Goonhammer Historicals: Victrix Soviet Infantry

Victrix Miniatures are well known for their 28mm output – we’ve covered many of their Medieval, Roman and Napoleonic sets before – but in recent years they’ve expanded out to a new, exciting range of 12mm WW2 sets. With them out in the world and the range picking up steam, it’s time we brought the exacting eye of Goonhammer Historicals to their tiniest models.

Before diving in, we’d like to thank Victrix for sending these over for review.

When I’m reviewing miniatures I make notes as I build and paint. The first note for the new Victrix 12mm Soviet Infantry is “what wizardry allowed them to do this?” and I think that says a lot about the quality of the miniatures Victrix have produced. While attempting to stay away from hyperbole, it’s enough to say these are fantastic miniatures, the best small scale plastics – if not the best small scale miniatures in any material – that I’ve had the pleasure of encountering. If you want to stop here and take that as the entire review recommendation, please, go ahead. If you want WW2 plastics, get these.

Soviet Infantry, Victrix

What you Get

As usual with Victrix models, your set comes in a clear plastic bag with stapled on label. Instead of instructions, the label carries a clear indicator of everything you get in the set, and what you get is, just about, a full Soviet Rifle Company in 1944-45, with a little wiggle room to give you a 1942-44 platoon if you’re building for the mid-war. That means – in one little bag – you get:

72 riflemen
22 sub machine gunners
8 LMGs
4 Snipers
4 Maxim teams
4 Anti-tank Rifle teams
2 lovely big Red Flag bearers
8 Officers (who could also be Commisars)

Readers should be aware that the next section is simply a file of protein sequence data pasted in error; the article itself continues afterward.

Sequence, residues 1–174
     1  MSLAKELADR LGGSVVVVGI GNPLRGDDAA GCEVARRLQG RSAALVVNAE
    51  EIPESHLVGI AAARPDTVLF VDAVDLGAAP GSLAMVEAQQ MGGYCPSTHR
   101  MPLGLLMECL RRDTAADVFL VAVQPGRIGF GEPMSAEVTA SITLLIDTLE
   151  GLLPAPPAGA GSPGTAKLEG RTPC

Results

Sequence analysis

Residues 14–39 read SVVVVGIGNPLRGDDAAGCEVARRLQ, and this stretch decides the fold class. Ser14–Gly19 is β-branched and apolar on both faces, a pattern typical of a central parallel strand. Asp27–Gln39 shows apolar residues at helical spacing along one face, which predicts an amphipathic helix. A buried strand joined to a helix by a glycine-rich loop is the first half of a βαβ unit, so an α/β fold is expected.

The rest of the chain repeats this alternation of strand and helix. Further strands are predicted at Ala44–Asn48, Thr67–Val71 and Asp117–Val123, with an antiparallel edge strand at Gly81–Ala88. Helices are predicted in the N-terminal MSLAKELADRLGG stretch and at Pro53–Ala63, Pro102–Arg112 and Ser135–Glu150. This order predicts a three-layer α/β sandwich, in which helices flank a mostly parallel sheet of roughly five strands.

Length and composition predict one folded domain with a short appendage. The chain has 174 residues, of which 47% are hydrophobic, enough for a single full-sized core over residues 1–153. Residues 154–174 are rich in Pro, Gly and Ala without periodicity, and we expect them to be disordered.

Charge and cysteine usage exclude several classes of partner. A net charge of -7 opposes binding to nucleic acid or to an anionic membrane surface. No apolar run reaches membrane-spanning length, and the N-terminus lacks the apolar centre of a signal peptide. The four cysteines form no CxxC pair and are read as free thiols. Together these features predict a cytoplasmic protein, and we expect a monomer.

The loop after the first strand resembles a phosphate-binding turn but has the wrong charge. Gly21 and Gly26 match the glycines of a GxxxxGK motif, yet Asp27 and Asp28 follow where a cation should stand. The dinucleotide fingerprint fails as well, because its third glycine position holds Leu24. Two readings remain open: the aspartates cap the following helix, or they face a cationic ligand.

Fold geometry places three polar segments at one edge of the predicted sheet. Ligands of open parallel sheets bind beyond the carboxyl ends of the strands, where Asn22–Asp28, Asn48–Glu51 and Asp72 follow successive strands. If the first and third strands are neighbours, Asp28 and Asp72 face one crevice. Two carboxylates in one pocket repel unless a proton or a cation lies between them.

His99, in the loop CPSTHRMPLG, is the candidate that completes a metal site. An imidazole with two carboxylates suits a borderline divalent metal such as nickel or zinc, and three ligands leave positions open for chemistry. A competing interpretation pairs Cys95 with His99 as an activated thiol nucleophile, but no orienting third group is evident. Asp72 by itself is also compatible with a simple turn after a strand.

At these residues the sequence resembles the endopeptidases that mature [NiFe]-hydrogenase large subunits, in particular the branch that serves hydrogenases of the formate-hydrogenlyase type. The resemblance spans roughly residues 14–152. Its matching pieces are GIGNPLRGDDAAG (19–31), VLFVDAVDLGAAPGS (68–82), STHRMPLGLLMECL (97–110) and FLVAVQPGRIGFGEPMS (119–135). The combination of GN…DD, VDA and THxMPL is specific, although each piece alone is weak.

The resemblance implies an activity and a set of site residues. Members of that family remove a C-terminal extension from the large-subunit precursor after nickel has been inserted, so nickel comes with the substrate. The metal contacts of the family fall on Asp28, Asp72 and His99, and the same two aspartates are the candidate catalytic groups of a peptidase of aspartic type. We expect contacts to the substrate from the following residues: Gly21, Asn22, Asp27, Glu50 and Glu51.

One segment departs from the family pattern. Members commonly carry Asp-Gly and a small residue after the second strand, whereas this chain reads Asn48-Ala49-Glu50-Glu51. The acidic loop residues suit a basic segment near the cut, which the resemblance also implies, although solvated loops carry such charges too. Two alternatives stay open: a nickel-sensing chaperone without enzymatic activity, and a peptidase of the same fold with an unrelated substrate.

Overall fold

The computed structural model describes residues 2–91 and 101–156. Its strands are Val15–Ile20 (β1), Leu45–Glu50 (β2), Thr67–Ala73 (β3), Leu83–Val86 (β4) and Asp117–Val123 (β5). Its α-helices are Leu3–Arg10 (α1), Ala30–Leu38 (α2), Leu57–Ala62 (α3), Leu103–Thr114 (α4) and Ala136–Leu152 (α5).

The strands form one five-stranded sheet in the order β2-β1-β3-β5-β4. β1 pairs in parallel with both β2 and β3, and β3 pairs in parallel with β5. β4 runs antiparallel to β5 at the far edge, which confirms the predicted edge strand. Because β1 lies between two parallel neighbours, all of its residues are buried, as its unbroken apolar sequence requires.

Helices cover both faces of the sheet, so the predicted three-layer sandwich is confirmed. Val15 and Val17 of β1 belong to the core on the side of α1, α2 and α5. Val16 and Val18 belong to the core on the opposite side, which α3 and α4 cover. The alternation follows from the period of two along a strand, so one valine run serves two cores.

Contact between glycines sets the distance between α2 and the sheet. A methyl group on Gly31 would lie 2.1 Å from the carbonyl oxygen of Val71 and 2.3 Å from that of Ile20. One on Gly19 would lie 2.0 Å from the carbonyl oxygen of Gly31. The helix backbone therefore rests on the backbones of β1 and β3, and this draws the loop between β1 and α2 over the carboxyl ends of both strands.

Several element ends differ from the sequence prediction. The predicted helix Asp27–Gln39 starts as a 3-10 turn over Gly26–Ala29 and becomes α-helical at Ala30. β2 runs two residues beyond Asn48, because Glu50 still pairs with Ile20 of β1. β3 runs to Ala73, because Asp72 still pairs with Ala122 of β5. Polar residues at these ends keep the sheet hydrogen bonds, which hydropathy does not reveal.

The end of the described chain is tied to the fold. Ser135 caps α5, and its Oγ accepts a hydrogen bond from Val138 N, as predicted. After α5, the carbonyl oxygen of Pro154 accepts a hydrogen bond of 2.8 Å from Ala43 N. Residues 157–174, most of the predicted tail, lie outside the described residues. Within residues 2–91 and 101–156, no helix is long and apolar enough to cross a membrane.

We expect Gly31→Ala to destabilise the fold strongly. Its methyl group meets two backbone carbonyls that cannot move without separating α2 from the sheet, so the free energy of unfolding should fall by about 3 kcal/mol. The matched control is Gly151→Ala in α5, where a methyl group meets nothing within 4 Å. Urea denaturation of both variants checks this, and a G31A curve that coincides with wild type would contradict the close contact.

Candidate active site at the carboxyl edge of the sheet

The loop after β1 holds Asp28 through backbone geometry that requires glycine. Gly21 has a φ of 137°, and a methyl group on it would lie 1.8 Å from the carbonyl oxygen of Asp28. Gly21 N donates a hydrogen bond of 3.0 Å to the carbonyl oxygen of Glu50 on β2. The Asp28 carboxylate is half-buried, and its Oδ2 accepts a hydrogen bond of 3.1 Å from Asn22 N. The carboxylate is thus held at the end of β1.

2 anti-tank mine carriers
10 Ammo carriers for your weapon teams
8 mortars (4 light, 4 heavy)
4 radio operators

These models come on two frames which are repeated in the set, giving you Four infantry and Two Officer/Weapons sprues.

Officer and Heavy Weapon Frame, Victrix Soviet Infantry Credit: Victrix

Infantry Frame, Victrix Soviet Infantry Credit: Victrix

You can split that up neatly into the ’44 TOE for a Rifle Company – two Rifle platoons (Headquarters, 3 Rifle Sections of ten men), an SMG platoon, a Mortar Platoon and Machine gun section, with accompanying Officers and Snipers. As far as I can find, it’s not specifically tied to any single TOE, but it gives you enough to fulfil any game where you’re concerned with vaguely accurate platoon composition. From a quick look at a variety of Chain of Command Army Lists, for example, you’ve got two Soviet Platoons here with enough spare models to form tank rider squads, and plenty of options for support. If you’re playing something where sticking to a TOE isn’t important, or you’re playing in Stalingrad, early Barbarossa or any other point when scraping whatever men and women are on hand and getting them in the front line was the order of the day, you have everything you might need here, and spares to boot.

Command Base, Anti-tank Mine and Political Officer

The only “standard for Wargames” options you don’t have here are combat engineers and flamethrowers. While they might be a nice to have, in my opinion it’s not a major problem and what you get instead – particularly the addition of light and heavy machine guns and mortars more than makes up for this.